“…that doesn’t mean there isn’t room for you, too.”

You say, “I felt there wasn’t room in his heart for me the way there was for her.” Here’s what I think you misunderstood: A widowed person’s new relationship is not in competition with the deceased partner. You can’t—and shouldn’t want to—“replace” your lover’s wife. When you say, “while I knew that I meant a lot to him, she was, essentially, irreplaceable,” you’re right—but that in no way diminishes his feelings for you. If his marriage was loving and nurturing, his wife will always be in his heart, but that doesn’t mean there isn’t room for you, too.

Speaking personally in my book, Sex after Grief: Navigating Your Sexuality after Losing Your Beloved:

“[My husband] was an extraordinary artist, and 36 of his paintings hang in my house. Seven are in my bedroom. Photos are here and there through the house—no longer in the bedroom, but you can’t walk through any other room without seeing him dancing or painting or holding me. These photos and paintings do not make me sad—they’re part of my life. I wouldn’t want to date someone who thought I should put them away.”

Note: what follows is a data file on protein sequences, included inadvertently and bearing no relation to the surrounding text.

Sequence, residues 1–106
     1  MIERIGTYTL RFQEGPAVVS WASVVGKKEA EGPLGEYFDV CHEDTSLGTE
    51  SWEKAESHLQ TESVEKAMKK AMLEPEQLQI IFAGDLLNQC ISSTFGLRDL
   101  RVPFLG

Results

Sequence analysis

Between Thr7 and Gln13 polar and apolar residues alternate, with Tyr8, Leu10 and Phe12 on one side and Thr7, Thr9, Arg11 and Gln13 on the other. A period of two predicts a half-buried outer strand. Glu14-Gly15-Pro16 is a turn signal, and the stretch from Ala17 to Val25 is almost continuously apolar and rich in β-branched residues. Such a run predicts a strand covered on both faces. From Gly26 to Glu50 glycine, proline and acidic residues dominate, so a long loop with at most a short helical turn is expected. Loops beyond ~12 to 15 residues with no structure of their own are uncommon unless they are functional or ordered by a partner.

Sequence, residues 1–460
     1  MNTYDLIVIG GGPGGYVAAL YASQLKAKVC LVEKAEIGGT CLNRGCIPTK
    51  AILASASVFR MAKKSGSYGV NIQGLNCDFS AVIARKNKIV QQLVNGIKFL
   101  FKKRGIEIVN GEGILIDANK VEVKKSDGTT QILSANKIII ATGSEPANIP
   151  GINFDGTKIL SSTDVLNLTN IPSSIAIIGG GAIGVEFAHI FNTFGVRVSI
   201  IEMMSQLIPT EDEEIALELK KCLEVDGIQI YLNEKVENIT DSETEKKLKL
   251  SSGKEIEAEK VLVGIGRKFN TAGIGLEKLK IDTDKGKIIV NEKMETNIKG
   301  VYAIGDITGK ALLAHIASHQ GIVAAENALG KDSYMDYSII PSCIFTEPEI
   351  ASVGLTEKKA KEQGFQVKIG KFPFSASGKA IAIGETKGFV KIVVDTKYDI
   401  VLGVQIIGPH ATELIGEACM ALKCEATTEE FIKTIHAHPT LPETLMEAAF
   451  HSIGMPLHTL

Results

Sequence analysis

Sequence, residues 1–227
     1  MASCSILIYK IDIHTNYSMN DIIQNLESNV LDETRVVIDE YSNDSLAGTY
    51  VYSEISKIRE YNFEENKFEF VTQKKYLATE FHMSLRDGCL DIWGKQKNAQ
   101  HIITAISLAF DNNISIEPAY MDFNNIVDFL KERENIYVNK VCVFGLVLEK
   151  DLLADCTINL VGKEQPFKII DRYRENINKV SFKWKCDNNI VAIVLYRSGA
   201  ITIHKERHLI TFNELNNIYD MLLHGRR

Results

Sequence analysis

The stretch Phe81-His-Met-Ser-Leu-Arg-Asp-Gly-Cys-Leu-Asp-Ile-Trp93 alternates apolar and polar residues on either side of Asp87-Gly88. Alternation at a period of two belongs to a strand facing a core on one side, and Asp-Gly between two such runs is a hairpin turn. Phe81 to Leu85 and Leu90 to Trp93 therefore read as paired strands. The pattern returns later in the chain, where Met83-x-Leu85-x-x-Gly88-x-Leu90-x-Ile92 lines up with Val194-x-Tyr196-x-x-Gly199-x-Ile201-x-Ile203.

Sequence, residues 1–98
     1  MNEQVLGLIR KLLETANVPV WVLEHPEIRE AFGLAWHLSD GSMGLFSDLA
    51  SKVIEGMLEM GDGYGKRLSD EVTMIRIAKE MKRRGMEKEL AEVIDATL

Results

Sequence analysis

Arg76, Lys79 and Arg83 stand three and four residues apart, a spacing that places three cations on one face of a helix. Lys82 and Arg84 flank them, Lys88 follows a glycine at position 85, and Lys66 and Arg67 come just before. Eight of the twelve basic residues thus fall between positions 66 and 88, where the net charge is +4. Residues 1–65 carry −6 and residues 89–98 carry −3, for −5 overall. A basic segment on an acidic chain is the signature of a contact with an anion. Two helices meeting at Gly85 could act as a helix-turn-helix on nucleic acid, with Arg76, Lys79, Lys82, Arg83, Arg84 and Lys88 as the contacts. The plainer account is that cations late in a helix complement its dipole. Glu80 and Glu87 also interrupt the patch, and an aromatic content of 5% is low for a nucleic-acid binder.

Nine years after my beloved husband died, I started dating a widower who was grieving his wife’s recent death. We’re still together nearly four years later. One of the great joys of our relationship is hearing each other’s stories about our spouses. There’s no jealousy—the opposite, in fact. It’s a joyful part of our history that we’re able to share fully.

It’s a challenge…and worth it

For your lover, keeping his wife’s photos on the wall was a way to keep her with him. He might say he barely notices them anymore, but he would notice if they were gone. If you pit yourself against his memories and force him to choose, you lose. Instead, tell yourself, “His love for his wife is a part of him, and that capacity for enduring love makes him more—not less!—able to love me, too.”

I know you felt you were empathetic and generous already, and here I’m telling you to accept even more, but dating a person who has lost a life partner is challenging. It’s too late for this relationship, but I hope looking at it this way will help if you date a widower in the future. As I explain in Sex after Grief:

  • Do: Understand that there can be room for you and the deceased in your griever’s heart.
  • Don’t: Feel you’re competing with the deceased for the griever’s attention, or love.

Who’s right? Who’s wrong?  Take our poll and let us know your take on this situation.